autism,  motherhood,  siblings and autism

It’s complicated

Photo cred: Katie Mitchell 🙂

The drama on Wednesday started when both kids came running into the car in tears. To be honest, it really caught me off guard. The day had gone really well for me—I felt really productive work-wise and the weather was unseasonably mild–and all of a sudden my car is full of two children in their separate meltdowns. Because I was caught off guard, I didn’t handle the situation with much grace. J was in tears because he was stressed out about something—numbers, letters, and/or staying 2 or 3 minutes later than the bell because he wasn’t ready to get out the door and W was upset because all of this went down in front of the mean girls at school and now everyone who knows she has an autistic brother got to really see that she has an autistic brother.

Like I said, I didn’t handle it with much grace. W was extremely verbal in her frustrations, fighting back tears while J was letting it all out. After we pulled into the driveway and both kids slammed their doors really hard, we get into the house and I laid into the kids. “You two are so selfish. J—all you think about is yourself and your problems and you don’t care how it affects other people. W—you’re being selfish because all you care about is how this affects you and you’re not thinking about how J might be having a hard time.” Not my finest parenting moment, but in my defense, my stress level went to 0-10 in less than a second and I felt like I was thrown into a war zone without knowing who the enemy was.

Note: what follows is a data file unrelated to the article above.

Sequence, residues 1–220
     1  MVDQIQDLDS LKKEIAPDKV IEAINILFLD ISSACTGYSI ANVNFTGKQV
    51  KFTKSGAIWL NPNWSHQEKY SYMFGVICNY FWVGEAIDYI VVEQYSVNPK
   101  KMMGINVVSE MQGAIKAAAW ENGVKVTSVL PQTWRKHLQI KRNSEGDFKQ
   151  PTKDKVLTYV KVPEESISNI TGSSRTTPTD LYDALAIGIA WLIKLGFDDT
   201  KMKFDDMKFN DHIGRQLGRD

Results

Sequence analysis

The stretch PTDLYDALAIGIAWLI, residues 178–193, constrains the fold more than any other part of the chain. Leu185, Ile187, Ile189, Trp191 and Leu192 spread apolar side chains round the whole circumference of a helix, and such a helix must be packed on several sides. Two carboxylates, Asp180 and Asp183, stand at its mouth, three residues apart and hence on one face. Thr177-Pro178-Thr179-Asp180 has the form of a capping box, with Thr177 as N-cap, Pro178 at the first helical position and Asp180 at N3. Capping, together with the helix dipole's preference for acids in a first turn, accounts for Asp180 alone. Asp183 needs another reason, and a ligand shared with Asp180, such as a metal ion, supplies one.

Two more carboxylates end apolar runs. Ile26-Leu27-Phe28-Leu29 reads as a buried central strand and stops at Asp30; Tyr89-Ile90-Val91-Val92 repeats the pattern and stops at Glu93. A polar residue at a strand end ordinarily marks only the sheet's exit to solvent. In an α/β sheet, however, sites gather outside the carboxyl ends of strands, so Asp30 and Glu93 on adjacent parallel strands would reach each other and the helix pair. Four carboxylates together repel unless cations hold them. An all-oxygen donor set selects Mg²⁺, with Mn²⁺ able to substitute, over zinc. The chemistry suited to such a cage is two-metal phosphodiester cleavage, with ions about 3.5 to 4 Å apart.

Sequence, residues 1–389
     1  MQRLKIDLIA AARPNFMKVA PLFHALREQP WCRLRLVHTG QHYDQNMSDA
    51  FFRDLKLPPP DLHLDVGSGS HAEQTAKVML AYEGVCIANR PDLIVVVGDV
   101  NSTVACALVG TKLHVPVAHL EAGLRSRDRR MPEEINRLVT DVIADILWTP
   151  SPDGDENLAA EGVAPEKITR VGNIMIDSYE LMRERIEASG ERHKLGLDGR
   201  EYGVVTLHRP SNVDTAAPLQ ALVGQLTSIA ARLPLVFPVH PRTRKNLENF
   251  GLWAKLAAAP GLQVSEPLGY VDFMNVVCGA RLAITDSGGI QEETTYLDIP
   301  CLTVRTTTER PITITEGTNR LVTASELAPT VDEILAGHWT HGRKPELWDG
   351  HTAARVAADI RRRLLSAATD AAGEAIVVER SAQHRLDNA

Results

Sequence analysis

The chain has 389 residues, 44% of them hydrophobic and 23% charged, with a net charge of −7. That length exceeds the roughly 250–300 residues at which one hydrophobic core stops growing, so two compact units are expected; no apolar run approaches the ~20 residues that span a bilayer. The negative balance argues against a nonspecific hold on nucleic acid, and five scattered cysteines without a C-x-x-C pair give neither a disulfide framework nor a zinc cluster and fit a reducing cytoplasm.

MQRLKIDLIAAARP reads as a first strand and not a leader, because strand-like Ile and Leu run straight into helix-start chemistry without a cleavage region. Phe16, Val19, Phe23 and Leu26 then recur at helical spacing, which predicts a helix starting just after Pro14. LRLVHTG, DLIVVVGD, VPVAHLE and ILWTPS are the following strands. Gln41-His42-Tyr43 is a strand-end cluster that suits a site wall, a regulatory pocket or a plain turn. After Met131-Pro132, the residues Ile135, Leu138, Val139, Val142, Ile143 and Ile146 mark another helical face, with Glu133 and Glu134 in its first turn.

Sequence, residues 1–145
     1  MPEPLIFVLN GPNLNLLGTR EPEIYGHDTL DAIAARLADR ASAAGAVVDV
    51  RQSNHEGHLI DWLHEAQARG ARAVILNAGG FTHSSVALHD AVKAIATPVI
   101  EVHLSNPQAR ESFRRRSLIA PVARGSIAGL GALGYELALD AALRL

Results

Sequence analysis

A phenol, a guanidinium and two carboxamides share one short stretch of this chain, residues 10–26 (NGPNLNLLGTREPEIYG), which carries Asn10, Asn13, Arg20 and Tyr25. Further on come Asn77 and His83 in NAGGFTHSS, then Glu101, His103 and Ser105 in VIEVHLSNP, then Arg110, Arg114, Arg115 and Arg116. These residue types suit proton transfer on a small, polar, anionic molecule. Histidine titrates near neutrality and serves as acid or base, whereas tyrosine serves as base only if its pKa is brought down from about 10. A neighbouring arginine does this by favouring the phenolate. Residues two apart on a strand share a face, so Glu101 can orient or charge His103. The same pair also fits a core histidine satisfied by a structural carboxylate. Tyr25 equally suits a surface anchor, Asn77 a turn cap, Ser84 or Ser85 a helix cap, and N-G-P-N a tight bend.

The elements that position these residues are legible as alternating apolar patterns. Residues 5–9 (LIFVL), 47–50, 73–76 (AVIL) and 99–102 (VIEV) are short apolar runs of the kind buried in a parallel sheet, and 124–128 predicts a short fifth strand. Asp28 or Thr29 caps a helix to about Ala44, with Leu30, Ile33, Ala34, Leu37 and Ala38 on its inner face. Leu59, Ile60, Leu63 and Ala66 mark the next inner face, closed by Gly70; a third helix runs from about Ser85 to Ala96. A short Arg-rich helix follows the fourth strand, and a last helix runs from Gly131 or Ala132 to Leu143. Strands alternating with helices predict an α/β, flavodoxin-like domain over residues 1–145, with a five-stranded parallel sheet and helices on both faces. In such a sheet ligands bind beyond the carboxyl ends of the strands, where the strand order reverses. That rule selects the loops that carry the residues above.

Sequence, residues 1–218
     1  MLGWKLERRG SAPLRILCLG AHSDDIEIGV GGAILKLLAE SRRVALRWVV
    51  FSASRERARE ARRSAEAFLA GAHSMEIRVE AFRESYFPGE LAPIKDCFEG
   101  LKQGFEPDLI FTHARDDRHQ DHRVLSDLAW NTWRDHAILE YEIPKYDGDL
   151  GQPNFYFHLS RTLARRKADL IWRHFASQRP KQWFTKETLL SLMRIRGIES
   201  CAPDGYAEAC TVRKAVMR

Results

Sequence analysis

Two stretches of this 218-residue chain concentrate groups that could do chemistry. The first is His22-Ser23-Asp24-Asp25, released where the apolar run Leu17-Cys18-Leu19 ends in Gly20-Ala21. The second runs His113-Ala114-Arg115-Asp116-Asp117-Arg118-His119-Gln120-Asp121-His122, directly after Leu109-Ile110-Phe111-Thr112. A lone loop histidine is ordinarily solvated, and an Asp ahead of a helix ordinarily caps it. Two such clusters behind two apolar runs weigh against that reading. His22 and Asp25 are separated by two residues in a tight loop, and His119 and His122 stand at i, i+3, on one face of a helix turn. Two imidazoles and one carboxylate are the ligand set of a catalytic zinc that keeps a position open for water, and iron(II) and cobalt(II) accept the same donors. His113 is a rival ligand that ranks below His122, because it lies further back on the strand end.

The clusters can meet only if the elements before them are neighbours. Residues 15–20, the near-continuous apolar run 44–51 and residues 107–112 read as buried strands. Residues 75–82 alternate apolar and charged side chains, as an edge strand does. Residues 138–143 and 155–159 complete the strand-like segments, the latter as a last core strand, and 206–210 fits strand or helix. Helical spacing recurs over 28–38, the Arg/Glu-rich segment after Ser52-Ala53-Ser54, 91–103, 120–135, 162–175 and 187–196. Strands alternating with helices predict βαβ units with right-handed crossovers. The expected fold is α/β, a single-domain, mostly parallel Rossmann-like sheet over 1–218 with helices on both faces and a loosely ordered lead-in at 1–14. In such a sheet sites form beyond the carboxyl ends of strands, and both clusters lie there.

We had winter running in 20 min, and I debated sending J. He was an emotional wreck, and I wasn’t sure he’d be back to “calm” before it started. W had already come down the stairs and had apologized for her behaviour (which I felt terrible about because my brain had settled and I really needed to validate her feelings. Even though I know it’s just middle school and that the mean girls are totally emotionally unstable train wrecks you will never think about again when you leave high school, W’s in the throws of middle school and her feelings are legit. I forget that autism is just as hard on her as it is on me). While W made the decision to stay home to finish homework, J and I got back in the car again and headed back to the high school. This was the moment where I realized how hard autism is on him. He was still having a really hard time but was now far enough away from the emotional cliff that he realized he didn’t want to embarrass himself. He walked in the school quietly sobbing, and when the coach announced the afternoon route, J started sobbing even more and said, “I’m going to get a drink to feel better, I’ll be right back.”

J chose to run 5 miles instead of 4 that day. I think he is starting to realize the need to run, especially when he feels like this. When we finished the run, J was “back” again. He was calm, happy, and you could see in his face he felt much better. The coach even said after 2 miles, he could see that J had settled himself and felt good again.

J, W, and I ended up finishing the day well. J came back home and worked hard on homework. W came back from church group in really good spirits.

The next day J lost his second to last baby tooth. Which explained the extra anxiety on Wednesday.